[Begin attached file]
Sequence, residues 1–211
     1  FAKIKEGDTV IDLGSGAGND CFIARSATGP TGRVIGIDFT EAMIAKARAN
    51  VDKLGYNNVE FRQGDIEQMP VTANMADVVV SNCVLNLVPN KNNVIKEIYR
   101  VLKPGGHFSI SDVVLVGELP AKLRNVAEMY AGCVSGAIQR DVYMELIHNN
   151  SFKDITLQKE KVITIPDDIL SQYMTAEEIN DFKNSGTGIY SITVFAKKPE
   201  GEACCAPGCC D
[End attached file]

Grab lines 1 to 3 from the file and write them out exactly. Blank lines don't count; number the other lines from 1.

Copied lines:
Sequence, residues 1–211
     1  FAKIKEGDTV IDLGSGAGND CFIARSATGP TGRVIGIDFT EAMIAKARAN
    51  VDKLGYNNVE FRQGDIEQMP VTANMADVVV SNCVLNLVPN KNNVIKEIYR